### Experimental design

Experimental paradigm and visual stimuli implied in this study are illustrated in Figue 1 and Table 1.

#### Visual stimuli: Fractal animations

As indicated in Table1, 12 types of fractal animations were generated as visual stimuli in 2D and 3D shapes. The current study is only based on the Timing of each animation was in range of 10 to 60 seconds (24 frames per second). Additionally, after visual inspection we applied edge detection algorithm to all the frames in video processing level. Then, we used Box-counting method (Sarkar and Chaudhuri 1994, Raghavendra and Dutt 2010) in TOUCHDESIGNER 0.99 (derivative.ca) and PYTHON 3.5 (www.python.org) to calculate the FDs of all animation frames. The 3D fractal animations were also generated with Mandelbulb 3D (MB3D) 1.9.1 software (www.mandelbulb.com).

Subsequently, visual stimuli were presented on a 42" monitor placed 1.3 m away from the subjects. The visual stimuli were presented to the subjects while their EEG data was collected. The raw data for this work was collected at the Institute for Cognitive and Brain Sciences (ICBS), Tehran in late spring and early summer of 2019. To reduce physiological variability, the EEG data were only recorded from 9 to 11 AM at a dim-light, silent and temperature controlled room. The EEG data were recorded by an EEG8 amplifier with sampling frequency of 1024 (Contact Precision Instruments, Cambridge, MA) use of 32 electrodes (Electrocap International, Inc) placed in the 10-20 international standard positions. Synchronization between visual stimuli presentation and EEG data recording was performed by sending trigger markers through the parallel port using the Psychtoolbox 3.0.13 in MATLAB (The MathWorks Inc, Natick, USA).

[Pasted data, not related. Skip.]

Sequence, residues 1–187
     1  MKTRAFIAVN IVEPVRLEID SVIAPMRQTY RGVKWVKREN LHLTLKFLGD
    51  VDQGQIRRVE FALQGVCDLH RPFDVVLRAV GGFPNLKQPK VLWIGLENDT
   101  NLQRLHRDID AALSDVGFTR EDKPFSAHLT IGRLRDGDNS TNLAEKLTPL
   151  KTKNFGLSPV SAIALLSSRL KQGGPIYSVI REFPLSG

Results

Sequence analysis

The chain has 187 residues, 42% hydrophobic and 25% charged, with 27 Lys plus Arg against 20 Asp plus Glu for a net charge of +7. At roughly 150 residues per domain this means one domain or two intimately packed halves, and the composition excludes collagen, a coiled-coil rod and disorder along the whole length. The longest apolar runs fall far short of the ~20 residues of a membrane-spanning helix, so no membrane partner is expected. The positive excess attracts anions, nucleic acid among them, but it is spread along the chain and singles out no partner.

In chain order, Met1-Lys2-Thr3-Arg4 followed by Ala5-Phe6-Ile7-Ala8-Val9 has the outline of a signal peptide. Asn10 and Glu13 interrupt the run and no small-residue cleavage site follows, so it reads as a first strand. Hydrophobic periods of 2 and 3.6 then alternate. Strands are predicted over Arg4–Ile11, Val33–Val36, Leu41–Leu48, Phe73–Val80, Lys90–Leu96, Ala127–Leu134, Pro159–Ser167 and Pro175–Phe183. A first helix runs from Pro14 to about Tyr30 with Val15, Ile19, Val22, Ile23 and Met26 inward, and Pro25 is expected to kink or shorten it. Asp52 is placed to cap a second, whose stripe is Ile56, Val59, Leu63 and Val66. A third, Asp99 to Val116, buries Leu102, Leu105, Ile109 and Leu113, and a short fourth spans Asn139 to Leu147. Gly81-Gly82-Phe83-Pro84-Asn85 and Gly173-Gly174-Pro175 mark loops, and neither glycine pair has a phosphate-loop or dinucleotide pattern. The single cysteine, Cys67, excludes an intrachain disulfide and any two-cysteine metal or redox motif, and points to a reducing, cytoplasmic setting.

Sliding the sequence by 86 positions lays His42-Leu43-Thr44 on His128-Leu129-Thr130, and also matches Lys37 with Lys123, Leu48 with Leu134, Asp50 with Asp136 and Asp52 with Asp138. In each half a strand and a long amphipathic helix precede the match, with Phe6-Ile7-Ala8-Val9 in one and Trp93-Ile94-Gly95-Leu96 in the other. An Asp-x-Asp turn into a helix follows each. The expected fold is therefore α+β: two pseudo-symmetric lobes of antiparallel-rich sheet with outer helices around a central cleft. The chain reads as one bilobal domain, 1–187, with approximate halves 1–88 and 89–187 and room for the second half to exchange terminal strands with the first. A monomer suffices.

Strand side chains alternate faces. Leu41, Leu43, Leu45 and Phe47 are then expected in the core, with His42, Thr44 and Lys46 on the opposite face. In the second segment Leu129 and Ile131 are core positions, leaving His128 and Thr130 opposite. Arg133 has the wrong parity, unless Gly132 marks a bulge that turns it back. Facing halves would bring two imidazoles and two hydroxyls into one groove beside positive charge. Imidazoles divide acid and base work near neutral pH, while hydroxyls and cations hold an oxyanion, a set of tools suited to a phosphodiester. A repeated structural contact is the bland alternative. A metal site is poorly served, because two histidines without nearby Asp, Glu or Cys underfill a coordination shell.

### Data analysis

#### Fractal dimensions of visual stimuli

FD is an important feature of fractal geometry which has many applications in various fields including image processing, image analysis, texture segmentation, shape classification and identifying the image features including roughness and smoothness. The fundamental rule of computing fractal dimension of a whole image depends upon the theory of self-similarity. Self-similarity is significant assets of fractal theory which basically was used to calculate the FD. There are many techniques to estimate dimension of a fractal surface. One of the most famous technique is the grid dimension method which is popularly known as box counting (Sarkar and Chaudhuri 1994, Raghavendra and Dutt 2010). The box-counting method and its derivatives including differential box counting and improved differential box counting (Sarkar and Chaudhuri 1994) methods have been used to estimate FD of grayscale images. It should be mentioned that color images are generally converted to grayscale and their FDs or their roughness are then calculated. (Panigrahy, Seal et al. 2019)

#### Fractal dimension of EEG data